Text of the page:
- Broad Spectrum designation. Sunscreens that pass FDA’s broad spectrum test procedure, which measures a product’s UVA protection relative to its UVB protection, may be labeled as “Broad Spectrum SPF [value]” on the front label. For Broad Spectrum sunscreens, SPF values also indicate the amount or magnitude of overall protection. Broad Spectrum SPF products with SPF values higher than 15 provide greater protection and may claim additional uses, as described in the next bullet.
- Use claims. Only Broad Spectrum sunscreens with an SPF value of 15 or higher can claim to reduce the risk of skin cancer and early skin aging if used as directed with other sun protection measures. Non-Broad Spectrum sunscreens and Broad Spectrum sunscreens with an SPF value between 2 and 14 can only claim to help prevent sunburn.
- “Waterproof, “sweatproof” or “sunblock” claims. Manufacturers cannot label sunscreens as “waterproof” or “sweatproof,” or identify their products as “sunblocks,” because these claims overstate their effectiveness. Sunscreens also cannot claim to provide sun protection for more than 2 hours without reapplication or to provide protection immediately after application (for example– “instant protection”) without submitting data to support these claims and obtaining FDA approval.
- Water resistance claims. Water resistance claims on the front label must indicate whether the sunscreen remains effective for 40 minutes or 80 minutes while swimming or sweating, based on standard testing. Sunscreens that are not water resistant must include a direction instructing consumers to use a water resistant sunscreen if swimming or sweating.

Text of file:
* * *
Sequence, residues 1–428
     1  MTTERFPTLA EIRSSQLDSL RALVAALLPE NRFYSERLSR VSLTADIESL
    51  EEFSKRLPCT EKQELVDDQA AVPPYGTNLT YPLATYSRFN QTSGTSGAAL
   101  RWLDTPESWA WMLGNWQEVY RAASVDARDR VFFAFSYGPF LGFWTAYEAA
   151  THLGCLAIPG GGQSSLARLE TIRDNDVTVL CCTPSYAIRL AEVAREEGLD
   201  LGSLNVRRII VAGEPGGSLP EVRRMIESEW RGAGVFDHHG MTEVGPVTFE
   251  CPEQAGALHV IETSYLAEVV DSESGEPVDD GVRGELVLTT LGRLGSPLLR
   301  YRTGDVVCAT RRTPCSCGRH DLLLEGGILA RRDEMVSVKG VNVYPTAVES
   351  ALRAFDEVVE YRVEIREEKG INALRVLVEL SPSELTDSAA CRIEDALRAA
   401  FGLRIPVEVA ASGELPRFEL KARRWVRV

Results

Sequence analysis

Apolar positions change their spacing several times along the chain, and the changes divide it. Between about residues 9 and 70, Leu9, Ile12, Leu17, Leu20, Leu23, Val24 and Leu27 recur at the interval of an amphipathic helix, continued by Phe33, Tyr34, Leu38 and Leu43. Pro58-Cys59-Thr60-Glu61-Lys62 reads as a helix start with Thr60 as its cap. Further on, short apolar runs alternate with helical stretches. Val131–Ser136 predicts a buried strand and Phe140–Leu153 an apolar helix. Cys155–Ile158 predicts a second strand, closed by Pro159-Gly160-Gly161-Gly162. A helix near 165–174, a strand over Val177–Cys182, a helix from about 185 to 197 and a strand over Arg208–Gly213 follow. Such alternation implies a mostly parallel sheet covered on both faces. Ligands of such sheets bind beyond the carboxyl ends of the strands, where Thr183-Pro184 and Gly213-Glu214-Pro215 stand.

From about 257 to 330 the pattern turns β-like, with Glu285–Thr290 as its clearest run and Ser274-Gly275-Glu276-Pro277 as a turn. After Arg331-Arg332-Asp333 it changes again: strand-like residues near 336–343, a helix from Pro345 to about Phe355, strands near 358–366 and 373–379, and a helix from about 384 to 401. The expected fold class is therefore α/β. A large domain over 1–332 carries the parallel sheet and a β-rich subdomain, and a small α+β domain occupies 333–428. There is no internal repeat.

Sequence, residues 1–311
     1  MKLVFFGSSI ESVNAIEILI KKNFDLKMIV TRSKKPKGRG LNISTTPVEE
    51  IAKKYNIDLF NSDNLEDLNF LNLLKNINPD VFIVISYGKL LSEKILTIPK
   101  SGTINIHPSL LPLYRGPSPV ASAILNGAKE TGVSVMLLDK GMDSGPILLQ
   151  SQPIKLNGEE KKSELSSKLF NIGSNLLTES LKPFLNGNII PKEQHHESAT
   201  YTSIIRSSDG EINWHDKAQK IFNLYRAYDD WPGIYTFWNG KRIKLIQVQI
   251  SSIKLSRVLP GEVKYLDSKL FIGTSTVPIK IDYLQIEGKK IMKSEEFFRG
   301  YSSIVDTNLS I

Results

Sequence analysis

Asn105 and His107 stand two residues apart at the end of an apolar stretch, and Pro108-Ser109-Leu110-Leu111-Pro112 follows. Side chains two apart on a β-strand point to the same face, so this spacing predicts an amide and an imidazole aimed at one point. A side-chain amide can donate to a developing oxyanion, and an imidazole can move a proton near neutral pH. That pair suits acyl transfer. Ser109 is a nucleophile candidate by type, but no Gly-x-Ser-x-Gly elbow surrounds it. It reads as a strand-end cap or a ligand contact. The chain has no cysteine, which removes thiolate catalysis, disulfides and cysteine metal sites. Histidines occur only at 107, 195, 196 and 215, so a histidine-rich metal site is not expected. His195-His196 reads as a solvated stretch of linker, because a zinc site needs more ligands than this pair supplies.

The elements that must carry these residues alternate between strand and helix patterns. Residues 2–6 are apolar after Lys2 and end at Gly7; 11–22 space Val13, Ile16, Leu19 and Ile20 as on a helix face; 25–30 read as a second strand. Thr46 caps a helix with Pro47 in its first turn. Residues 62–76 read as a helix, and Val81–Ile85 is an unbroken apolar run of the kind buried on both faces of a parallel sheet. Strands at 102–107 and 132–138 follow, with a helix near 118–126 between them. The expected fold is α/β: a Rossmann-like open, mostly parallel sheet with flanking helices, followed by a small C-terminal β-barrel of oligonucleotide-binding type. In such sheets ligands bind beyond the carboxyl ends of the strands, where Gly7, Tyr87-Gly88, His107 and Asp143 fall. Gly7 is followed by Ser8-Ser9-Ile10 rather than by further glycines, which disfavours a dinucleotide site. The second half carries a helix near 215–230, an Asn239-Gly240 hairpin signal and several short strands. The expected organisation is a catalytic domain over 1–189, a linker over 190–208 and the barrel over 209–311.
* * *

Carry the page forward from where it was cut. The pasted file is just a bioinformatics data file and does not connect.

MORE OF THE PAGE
- Drug Facts. All sunscreens must include standard “Drug Facts” information on the back and/or side of the container.
The above changes will become law in a year. Interestingly one important change has, for the moment, been left out of the new rules:
The proposed rule, if finalized, would limit the maximum SPF value on sunscreen labels to “50 +” because there is not sufficient data to show that products with SPF values higher than 50 provide greater protection for users than products with SPF values of 50.
Additionally, the FDA is going to study spray sunscreens to determine what level of protection they provide and if they could be toxic if inhaled. The FDA is also going to reexamine 17 sunscreen ingredients.
Though this has been a long time coming I applaud the FDA’s new rules though I would love for there to be a ban on SPF 50 or higher when the new rules go into effect in a year.
Sources and Further Reading:
- Questions and Answers: FDA announces new requirements for over-the-counter (OTC) sunscreen products marketed in the U.S.
- F.D.A. Unveils New Rules About Sunscreen Claims – The New York Times
- FDA Announces New Sunscreen Rules – WebMD
- The Skin Cancer Foundation’s Response to the Release of the Final FDA Monograph